My family moved to Roswell, New Mexico in 1973-1974 from New Rochelle, New York. I began grade school at El Capitan Elementary School then progressed to Sierra Middle School, and on to Goddard High School before moving off in 1986 to Florida attending college at Florida State University. That whole period of 1973-1986, there was no hype about the rumored UFO crash, alien autopsies, or space visitors albeit a running urban legend. The city was a progressive agriculture town, with a former military Cold War base and missile silos towards exits outside of each direction from the city. Roswell was known as the “All American City”. There were legends and tales about the UFO crash but that was about it. One of my dad’s friends, Mr. Bentley spoke about his abduction and proudly showed scars the aliens left on his stomach. He was a crazed inventor that my dad invested with. As a kid I was obsessed with the belief of Faeries, UFO’s, Ancient Egypt, and magic. I had a blue scrapbook I made of UFO sightings, crashes, and strange phenomena. There was very little in that book about Roswell. “The Incident” wasn’t talked about much. I remember even trying alternative science experiments for the science fair at El Capitan and such “bizarre” theory based subject matter was severely frowned upon. So I moved on and advanced with real science. I’m sure the science fairs in Roswell accept pseudo-science topics now.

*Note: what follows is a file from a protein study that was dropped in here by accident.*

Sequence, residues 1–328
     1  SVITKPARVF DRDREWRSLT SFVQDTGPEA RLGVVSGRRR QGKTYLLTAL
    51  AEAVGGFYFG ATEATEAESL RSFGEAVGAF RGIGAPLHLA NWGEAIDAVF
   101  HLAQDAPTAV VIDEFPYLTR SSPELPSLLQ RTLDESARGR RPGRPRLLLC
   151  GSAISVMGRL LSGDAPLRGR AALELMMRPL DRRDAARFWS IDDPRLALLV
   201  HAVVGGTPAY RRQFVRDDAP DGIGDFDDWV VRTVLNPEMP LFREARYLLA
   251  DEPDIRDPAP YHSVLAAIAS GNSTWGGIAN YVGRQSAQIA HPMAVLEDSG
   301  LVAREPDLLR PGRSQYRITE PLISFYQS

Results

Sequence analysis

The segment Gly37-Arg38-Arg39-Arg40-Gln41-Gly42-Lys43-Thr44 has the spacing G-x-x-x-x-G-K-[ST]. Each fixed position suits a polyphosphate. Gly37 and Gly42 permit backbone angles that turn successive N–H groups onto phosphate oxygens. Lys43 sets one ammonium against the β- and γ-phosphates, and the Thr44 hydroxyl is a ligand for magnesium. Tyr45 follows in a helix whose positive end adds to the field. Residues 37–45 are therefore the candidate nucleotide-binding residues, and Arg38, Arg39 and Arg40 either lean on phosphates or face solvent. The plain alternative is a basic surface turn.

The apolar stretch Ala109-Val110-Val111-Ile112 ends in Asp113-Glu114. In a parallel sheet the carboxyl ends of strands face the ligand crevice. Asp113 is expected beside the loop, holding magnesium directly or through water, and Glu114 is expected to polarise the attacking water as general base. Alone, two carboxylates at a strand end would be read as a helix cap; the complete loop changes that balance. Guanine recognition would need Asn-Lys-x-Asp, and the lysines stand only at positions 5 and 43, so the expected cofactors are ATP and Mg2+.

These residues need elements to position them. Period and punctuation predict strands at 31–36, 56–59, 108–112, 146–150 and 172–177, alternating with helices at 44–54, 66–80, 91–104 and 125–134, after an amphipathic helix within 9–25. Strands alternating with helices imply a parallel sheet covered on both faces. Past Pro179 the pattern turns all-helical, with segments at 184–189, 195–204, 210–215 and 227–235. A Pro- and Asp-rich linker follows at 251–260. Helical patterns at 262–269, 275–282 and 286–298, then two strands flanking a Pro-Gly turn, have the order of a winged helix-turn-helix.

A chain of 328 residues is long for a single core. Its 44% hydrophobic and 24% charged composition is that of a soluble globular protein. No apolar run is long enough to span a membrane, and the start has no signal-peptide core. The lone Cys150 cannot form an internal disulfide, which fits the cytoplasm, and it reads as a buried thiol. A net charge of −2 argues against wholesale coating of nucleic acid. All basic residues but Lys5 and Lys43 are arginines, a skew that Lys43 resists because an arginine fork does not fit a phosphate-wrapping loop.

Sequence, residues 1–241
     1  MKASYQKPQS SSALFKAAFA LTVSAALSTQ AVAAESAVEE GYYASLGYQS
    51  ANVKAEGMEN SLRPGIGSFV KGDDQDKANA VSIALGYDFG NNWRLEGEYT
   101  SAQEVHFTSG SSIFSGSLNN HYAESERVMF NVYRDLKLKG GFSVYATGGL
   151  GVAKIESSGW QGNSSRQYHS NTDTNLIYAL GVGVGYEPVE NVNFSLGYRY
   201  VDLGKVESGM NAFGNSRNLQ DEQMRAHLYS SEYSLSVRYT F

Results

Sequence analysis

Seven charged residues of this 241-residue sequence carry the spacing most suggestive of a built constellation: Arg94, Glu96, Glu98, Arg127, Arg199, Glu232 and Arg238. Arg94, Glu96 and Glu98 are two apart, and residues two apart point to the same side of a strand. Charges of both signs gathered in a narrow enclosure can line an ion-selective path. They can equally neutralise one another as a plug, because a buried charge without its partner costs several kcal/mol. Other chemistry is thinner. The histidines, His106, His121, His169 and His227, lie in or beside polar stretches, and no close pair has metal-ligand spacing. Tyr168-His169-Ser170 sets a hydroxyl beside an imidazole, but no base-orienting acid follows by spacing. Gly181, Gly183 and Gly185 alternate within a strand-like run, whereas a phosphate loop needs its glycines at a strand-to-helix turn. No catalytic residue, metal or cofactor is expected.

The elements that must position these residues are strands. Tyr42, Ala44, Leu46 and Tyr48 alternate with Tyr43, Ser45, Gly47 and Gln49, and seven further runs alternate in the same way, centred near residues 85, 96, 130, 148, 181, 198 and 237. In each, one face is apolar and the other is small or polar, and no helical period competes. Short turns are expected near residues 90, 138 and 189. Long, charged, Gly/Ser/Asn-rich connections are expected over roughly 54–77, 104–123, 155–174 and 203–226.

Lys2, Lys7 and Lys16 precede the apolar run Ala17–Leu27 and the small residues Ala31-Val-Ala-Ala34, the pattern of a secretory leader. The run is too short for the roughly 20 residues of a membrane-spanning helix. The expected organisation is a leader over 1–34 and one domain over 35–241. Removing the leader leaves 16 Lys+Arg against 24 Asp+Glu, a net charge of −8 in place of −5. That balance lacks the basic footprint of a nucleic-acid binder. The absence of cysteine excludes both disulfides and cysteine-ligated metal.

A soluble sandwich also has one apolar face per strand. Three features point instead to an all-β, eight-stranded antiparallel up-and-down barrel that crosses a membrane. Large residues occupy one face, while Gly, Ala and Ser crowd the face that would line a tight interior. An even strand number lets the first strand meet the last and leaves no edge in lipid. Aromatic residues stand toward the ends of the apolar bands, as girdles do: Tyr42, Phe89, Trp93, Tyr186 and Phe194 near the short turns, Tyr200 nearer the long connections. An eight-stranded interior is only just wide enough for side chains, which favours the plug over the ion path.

The hype is all based on an event on June 14, 1947 where an un-identified object crash landed outside of Roswell. The rancher who owned the land W.W. “Mac” Brazel and his son Vernon called it “a large area of bright wreckage made up of rubber strips, tinfoil, and rather tough paper, and sticks.” They brought the wreckage into town to the local sheriff George Wilcox. Insiders claimed it was a UFO with alien bodies. This theory was quickly leaked to the Press and published. Others, including the military, later claimed it was a high altitude weather balloon that fell from the sky. Ex-military representatives however cried otherwise, leading to many conspiracy theories. The Sheriff contacted Colonel “Butch” Blanchard, commander of the Roswell Army Airfield’s 509th Composite Group. The Colonel was stymied and contacted his superior General Roger W. Ramey, commander of the 8th Air Force in Fort Worth, Texas. Intelligence officer Major Jesse Marcel was sent to investigate and collected all of the wreckage, trying to figure out what the materials were, and Marcel made a public statement claiming that it was a Flying Saucer. The local newspaper sensationalized it letting the public know that “The intelligence office of the 509th Bombardment Group at Roswell Army Air Field announced at noon today, that the field has come into the possession of a Flying Saucer.” It was after-all at the close of World War II and sensationalism about anything from space was popular news. The U.S. at this time had sent V2 rockets with payloads of corn seeds and fruit flies into outer space, the Bulletin of Atomic Scientists had the “Doomsday Clock” ticking, and UFO’s were the rage in popular culture.